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Don’t bet the farm on March (legal) Madness

published in McAfee & Taft tIPsheet | March 3, 2017


Zach Oubre
Zach Oubre
Phil Bruce
Phil Bruce

 
By Zach Oubre and Phil Bruce


March is upon us, which means spring is near and the sweet smell of tournament brackets will soon fill the air. For many, the month is synonymous with March Madness, the NCAA’s annual tournament that crown’s college basketball’s next national champion. What will that mean for businesses? If history is any indication, it is a loss of productivity, the potential for office gambling, and traps for your marketing team. Here are some tips to avoid March becoming tornadic for your bottom line.

Brace for potential lost productivity

Although March Madness may boost employee morale, it may also mean a drop in worker productivity. The executive outplacement firm Challenger, Gray & Christmas, Inc. estimated that the 2016 March Madness tournament resulted in an approximate loss of productivity of $4 billion, with $1.3 billion paid to employees who were watching basketball rather than working. Some businesses like NuSkin embrace the madness. The personal care product company is said to treat its employees to hot dogs and popcorn while working and watching company televisions tuned into the tourney. Regardless of how you handle the event, you can bet your bottom dollar that March may bring distractions to your workforce.

Is it an office pool or gambling?

It is likely both. If you bet in any office pool, whether it’s for the NCAA tournament, the Super Bowl, Bedlam or another sporting event, it’s technically illegal gambling under Oklahoma law as well as the federal Professional and Amateur Sports Protection Act of 1992. Depending on how the pool is conducted and if it’s sponsored by the employer, the pool can actually violate multiple state and federal laws.

Nevertheless, betting on your best tournament bracket has become a national norm. The American Gaming Association estimated that 40 million Americans engaged in more than 70 million brackets for last year’s tournament, and some thought this was an underestimate. Because bracketology is so widespread, gambling laws are rarely, if ever, enforced when it comes to low-wager office pools. As a result, many speculate that the chance of being prosecuted for betting in a low-wager office pool is less than your chance of picking a perfect bracket (which happens to be 1 in 9.2 quintillion).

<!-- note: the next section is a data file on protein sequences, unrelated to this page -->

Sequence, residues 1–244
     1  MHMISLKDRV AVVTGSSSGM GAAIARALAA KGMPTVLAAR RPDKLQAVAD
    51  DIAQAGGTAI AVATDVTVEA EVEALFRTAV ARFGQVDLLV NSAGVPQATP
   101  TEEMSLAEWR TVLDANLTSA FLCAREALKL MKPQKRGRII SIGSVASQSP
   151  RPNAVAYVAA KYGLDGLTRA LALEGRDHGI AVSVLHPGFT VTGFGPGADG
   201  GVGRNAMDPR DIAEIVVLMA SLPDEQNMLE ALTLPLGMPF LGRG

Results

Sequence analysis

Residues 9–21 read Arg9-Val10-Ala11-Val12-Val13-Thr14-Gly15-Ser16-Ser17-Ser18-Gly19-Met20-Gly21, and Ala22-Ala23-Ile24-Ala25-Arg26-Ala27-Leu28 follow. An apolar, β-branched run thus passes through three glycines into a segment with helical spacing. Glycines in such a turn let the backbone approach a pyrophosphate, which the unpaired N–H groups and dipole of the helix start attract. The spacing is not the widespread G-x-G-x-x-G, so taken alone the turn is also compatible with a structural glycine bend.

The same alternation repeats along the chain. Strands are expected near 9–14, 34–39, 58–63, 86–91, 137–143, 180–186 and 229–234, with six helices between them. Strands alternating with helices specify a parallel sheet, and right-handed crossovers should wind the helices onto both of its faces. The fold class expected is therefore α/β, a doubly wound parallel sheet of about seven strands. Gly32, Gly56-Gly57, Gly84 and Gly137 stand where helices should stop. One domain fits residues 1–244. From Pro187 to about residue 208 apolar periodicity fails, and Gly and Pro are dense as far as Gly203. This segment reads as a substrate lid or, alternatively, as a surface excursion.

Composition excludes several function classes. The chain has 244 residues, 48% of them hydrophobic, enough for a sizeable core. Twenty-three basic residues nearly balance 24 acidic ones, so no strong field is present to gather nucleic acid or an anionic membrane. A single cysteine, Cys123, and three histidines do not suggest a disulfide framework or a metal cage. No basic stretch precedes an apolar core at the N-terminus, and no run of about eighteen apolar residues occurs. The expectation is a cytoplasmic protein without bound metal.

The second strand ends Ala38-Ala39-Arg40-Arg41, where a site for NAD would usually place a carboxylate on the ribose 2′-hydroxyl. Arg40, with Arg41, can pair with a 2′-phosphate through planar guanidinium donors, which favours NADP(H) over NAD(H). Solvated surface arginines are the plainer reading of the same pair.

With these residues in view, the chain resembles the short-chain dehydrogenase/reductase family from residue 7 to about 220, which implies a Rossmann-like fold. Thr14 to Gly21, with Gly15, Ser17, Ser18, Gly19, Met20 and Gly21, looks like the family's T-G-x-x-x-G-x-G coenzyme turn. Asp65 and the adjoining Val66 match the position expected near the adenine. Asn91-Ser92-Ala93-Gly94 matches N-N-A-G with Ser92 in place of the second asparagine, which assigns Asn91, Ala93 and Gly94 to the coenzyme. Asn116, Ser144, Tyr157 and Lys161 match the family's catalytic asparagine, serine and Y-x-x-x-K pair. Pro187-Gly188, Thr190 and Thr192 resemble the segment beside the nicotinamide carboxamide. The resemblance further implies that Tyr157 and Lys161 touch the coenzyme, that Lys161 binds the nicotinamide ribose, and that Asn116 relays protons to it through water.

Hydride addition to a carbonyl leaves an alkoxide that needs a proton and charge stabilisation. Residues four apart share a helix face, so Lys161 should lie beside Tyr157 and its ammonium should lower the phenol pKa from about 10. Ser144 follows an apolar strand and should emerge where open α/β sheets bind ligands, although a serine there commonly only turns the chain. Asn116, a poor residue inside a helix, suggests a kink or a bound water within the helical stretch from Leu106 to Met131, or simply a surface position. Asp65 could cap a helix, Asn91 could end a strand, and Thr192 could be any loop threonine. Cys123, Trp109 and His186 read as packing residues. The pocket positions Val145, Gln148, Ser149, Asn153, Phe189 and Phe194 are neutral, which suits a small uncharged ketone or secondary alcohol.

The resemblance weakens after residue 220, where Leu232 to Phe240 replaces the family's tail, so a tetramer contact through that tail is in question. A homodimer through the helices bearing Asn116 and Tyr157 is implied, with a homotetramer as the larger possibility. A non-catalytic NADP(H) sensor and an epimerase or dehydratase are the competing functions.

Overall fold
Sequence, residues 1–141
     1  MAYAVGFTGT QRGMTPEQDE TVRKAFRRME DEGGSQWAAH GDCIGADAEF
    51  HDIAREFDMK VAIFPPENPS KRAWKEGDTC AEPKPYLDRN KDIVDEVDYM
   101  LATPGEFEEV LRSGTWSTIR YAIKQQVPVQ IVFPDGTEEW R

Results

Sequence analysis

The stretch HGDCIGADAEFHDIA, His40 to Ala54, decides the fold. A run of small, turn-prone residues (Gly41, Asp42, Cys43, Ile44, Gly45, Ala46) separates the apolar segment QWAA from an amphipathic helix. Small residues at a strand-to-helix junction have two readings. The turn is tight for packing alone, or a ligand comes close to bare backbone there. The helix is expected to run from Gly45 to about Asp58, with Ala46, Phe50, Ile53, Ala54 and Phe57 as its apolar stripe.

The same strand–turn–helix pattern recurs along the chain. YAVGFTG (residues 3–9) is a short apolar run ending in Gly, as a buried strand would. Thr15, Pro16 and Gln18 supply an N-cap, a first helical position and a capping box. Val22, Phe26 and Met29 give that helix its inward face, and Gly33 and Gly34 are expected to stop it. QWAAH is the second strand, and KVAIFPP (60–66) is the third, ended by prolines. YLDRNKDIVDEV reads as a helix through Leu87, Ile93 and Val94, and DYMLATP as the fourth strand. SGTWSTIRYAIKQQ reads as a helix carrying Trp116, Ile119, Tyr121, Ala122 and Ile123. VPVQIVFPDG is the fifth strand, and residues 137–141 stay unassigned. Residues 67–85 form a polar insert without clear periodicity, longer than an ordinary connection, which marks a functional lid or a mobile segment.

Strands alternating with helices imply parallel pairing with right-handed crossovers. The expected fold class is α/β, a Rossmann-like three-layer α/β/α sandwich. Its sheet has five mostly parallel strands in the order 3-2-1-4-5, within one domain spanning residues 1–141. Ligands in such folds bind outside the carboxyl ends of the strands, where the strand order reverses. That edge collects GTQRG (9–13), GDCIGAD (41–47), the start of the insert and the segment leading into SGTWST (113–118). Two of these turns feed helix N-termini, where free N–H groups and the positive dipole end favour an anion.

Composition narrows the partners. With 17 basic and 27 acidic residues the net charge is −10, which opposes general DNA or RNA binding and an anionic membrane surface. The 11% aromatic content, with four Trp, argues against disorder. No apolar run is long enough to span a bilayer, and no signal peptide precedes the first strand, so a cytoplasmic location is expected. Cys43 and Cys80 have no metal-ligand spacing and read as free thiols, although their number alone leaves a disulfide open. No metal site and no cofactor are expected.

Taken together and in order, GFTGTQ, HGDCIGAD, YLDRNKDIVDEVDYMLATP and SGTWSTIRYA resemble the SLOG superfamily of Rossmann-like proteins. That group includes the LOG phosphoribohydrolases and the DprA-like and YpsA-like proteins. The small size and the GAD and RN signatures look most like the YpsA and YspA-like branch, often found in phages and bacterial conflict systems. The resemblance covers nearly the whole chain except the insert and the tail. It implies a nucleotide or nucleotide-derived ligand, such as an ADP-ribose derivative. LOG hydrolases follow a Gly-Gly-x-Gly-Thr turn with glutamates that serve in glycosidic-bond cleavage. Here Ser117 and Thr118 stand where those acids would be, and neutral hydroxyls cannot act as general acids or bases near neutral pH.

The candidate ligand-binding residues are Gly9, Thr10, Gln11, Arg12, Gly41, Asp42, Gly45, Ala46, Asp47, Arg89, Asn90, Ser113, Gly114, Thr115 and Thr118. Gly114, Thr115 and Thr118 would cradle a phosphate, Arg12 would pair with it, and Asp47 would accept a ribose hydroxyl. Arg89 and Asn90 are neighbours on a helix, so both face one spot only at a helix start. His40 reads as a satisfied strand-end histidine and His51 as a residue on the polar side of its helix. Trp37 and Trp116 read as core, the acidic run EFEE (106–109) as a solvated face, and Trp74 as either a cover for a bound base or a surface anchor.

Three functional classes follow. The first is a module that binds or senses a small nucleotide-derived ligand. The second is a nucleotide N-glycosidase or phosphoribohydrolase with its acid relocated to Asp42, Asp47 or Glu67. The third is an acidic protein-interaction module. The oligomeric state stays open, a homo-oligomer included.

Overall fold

Employers shouldn’t bet on lack of enforcement, however. Companies that endorse and sponsor office pools face significantly higher risk, as the penalties for sponsoring and housing gambling activities can be harsher than engaging in them. So, as a company owner, the liability for your annual office pool may be more than you’d expect. An alternative to a pool for money is to turn each bet into a charitable donation where the bracket winner gets to decide where to donate the winnings by selecting from a pre-approved list of charities. Another alternative is to not require that entrants pay money to enter the pool and to award a non-monetary prize like “casual Friday.”

Employers should also lay their cards on the table when it comes to office pools. If your business has an anti-gambling policy, then, like any other policy, it should enforce it fairly and consistently. Picking and choosing when to enforce the policy can lead to other issues. For example, a terminated employee may argue that the employer illegally discriminated when the employer applied the policy in his or her case but not to those involved in an office pool.

Avoid March Madness becoming a marketing catastrophe

Businesses should also think twice before they try and tap into the marketing madness of March. The terms “NCAA,” “March Madness,” “Final Four” and “The Big Dance” are federally registered trademarks that the NCAA has aggressively enforced in recent years. NCAA logos are likewise protected. Importantly, it’s not trademark infringement where these terms are referenced in an informative sense (e.g., “my team won’t make the Final Four this year”), but use of the terms in connection with your company’s spring promotion could result in a not-too-pleasant letter from NCAA attorneys. So, businesses that use these terms (or something close) in their marketing are definitely raising the stakes. An alternative is to focus your marketing on the timing or concept of the tournament rather than using protected terms (like referencing the NFL’s “Big Game”).

So, regardless of who you are rooting for in this year’s tournament, make sure your business avoids these trap bets. And when you fill out your bracket, remember: no 16 seed has ever defeated a 1 seed!

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